Thursday, November 19, 2009

Sewing Machine Repair: An Un-endorsement

I am not a precious person, and nor do I post negative reviews or posts, but I feel compelled to write this as a constructive warning. I recently took my sister's sewing machine to Chatswood Sewing Centre in Sydney for repair: the stitching was off-kilter and I thought it could do with a professional looking at it instead of me.

But let me tell you a story about rude service and a pretty sneaky racket. For my small repair - I suspected the machine needed a new bobbin case - I was quoted "between $100 to $140" for repair, which I thought was staggeringly high. Needless to say, I am pretty time-poor at the moment, and need the machine to finish a birthday present, so I accepted that quote. Importantly, I was told clearly that if the quote were to change, they would call me first in order to discuss. In fact, that quote and promise was written on the receipt that I got to keep.

So far, this had not been a tale of sneaky intrigue or suspicion.

Two weeks later, and still not having received a phone call from them, I called the centre to enquire about the status of my machine. I was told that the machine had been ready for "ages". Ok... But upon handing over my receipt yesterday, I was told that the repair would cost $157.95. Very gently, I told that woman that I hadn't authorised any extra payment, and that the receipt she was holding clearly stated "up to $140". The woman scrunched up the receipt in her hand without looking at it, looked me straight in the eyes and told me that it was $157.95: afterall, they had installed a new bobbin case and a new bulb.

To cut a long story short, I was very calm, but stuck to my point: I went to law school long enough to know that the receipt constitutes a contract, and that they had changed the terms of that contract without informing me. I was also pretty sure that they were in breach of something in the Trade Practices Act (it's been a while...) And I didn't ask for a new bulb to be installed, so I didn't think it was right to be charged for one. The two gruff saleswomen looked at each other, then back at me and said, "Well, we could take the bulb out?" I said that would be fine, (I think that's known as 'calling their bluff') and was met with an uncomfortable, "Well, there's no one here who can do that today, so you'll have to come back next week." Hang on, come back in a week's time for something that I didn't authorise?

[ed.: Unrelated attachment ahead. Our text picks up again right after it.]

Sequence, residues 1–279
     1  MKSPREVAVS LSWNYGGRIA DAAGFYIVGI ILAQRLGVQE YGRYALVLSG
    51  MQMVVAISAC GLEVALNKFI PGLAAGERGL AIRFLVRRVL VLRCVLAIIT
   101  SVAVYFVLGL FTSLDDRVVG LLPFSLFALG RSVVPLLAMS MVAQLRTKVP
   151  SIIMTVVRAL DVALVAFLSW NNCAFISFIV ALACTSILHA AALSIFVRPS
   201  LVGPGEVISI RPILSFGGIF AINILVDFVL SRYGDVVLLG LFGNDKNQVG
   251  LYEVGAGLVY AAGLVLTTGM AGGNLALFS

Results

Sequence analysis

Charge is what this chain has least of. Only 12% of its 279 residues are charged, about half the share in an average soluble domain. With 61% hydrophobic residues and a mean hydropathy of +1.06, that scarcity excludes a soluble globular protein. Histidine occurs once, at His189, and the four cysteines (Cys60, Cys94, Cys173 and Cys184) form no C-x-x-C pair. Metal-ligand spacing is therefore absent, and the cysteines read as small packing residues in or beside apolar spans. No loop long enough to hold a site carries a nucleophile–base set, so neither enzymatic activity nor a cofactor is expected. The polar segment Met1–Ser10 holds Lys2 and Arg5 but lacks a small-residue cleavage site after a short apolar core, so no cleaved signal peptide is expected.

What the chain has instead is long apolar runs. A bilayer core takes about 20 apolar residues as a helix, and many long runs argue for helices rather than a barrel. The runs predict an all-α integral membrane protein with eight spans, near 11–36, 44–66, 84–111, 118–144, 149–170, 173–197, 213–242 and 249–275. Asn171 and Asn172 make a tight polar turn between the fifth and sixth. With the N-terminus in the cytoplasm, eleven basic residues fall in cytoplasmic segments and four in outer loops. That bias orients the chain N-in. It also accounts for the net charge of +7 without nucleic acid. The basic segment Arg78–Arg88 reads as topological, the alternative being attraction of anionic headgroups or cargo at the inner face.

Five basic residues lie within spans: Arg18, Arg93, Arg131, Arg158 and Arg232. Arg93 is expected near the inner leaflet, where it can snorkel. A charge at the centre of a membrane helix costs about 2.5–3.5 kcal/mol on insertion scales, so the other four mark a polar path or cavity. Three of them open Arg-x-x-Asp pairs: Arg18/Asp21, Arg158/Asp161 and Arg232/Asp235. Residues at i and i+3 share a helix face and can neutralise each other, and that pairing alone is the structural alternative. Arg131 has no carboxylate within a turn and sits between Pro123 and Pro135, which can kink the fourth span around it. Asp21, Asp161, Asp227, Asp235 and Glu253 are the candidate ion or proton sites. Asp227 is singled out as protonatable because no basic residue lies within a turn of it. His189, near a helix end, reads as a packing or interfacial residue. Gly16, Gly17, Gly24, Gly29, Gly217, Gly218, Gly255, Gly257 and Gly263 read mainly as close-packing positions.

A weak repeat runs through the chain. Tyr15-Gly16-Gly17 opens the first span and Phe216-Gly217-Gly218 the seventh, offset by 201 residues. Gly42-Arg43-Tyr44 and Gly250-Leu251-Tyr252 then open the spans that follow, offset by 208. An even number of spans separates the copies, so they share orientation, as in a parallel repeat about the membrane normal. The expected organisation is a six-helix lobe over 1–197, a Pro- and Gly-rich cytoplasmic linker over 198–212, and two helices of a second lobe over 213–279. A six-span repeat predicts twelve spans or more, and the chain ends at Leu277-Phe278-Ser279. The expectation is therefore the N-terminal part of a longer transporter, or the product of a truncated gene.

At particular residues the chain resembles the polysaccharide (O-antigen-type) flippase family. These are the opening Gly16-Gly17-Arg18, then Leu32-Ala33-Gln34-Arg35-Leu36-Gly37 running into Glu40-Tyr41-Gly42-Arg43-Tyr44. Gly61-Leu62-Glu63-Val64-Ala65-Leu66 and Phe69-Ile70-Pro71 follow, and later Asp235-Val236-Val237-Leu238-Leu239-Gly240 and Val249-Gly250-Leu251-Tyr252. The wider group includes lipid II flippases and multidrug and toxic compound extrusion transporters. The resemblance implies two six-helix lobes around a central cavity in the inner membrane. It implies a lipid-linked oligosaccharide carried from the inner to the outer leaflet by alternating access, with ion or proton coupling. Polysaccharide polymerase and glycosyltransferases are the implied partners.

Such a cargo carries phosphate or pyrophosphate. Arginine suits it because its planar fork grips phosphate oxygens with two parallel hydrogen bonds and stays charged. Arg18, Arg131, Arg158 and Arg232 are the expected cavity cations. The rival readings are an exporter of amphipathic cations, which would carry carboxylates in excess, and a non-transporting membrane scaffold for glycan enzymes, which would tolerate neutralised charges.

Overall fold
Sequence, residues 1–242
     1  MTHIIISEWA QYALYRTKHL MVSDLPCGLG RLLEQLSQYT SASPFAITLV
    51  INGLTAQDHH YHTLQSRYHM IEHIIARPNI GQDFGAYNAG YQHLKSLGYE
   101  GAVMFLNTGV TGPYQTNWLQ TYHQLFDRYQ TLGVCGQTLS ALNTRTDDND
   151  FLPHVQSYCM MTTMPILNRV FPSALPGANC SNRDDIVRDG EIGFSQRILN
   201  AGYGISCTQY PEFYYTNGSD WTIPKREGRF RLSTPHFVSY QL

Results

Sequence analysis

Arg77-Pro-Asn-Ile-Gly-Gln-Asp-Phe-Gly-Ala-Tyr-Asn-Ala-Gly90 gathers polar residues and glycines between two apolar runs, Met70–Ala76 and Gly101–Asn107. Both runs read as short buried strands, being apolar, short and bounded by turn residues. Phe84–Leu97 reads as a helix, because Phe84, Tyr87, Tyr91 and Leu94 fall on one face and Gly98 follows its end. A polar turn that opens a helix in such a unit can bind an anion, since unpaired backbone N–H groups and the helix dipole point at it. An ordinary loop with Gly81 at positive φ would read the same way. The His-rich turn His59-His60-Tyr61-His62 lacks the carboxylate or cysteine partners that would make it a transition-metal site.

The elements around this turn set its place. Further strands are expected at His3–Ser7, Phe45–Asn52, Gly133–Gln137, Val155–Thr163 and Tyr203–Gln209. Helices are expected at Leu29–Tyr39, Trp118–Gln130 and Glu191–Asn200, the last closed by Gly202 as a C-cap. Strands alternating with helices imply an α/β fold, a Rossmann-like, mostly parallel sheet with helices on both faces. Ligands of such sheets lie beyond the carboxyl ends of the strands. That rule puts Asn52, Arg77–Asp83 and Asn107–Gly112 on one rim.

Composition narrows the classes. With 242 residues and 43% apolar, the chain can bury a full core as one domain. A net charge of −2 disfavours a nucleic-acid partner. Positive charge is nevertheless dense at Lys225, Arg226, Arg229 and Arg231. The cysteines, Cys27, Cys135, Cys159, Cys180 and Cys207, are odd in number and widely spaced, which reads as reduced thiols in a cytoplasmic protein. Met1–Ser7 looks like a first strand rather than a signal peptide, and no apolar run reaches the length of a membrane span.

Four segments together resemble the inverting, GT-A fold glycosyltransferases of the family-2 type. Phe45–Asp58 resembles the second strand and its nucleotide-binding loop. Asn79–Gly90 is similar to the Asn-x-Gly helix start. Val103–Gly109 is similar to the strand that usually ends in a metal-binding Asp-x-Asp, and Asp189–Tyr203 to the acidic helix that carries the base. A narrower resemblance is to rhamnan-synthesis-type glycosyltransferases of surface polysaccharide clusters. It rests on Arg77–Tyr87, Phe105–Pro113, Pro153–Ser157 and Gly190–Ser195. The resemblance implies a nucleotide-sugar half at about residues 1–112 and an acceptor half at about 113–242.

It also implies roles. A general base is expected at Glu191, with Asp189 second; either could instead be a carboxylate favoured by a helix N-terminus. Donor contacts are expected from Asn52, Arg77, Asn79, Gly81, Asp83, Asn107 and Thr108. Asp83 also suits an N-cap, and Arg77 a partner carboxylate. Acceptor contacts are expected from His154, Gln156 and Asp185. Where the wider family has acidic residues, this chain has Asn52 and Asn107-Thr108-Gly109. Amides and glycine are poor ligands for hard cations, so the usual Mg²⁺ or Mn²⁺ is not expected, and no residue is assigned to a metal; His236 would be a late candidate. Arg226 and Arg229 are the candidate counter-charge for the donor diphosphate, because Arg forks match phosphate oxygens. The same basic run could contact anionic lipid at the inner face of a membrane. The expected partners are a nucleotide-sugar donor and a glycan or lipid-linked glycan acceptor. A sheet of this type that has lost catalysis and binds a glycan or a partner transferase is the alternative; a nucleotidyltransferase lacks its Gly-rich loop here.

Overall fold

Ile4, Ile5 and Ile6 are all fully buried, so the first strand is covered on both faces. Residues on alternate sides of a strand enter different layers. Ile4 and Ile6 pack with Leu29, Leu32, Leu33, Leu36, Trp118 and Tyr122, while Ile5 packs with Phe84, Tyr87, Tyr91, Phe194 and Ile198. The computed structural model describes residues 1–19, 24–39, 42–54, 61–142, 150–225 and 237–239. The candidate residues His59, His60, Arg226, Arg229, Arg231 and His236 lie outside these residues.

Dear readers, you can see that this story seems to be going in a different direction than I had hoped.

In short, they acquiesced to my firm but gentle insistence that I was going to take my machine home and that I was only going to pay $140. The saleswoman said, "Well, we don't call you if it's only a small amount over the quoted price", but I felt that on principle, they should have called me. (And what if it had been $40 more? Or $100?).

As I walked away (silence had greeted my "thank you - and goodbye"), I wondered this: how many women get bullied by these two saleswomen into paying more than they were quoted? The fact that my receipt was scrunched up with such gusto seemed to indicate that they knew they were in the wrong - or at least that they knew they had exceeded their quote.

So, dear readers, do you have an alternative sewing machine repair centre in Sydney to endorse? While I wish them no harm, and have no ill-feeling, it's pretty clear that I won't be hurrying back to the Chatswood Sewing Centre.


  1. That's a beautifully told story (but raised my ire so high, so fast!!).

    I have a similar, recent story re Macquarie Bank's ridiculous DEFT payment business, but no need to share more pain around.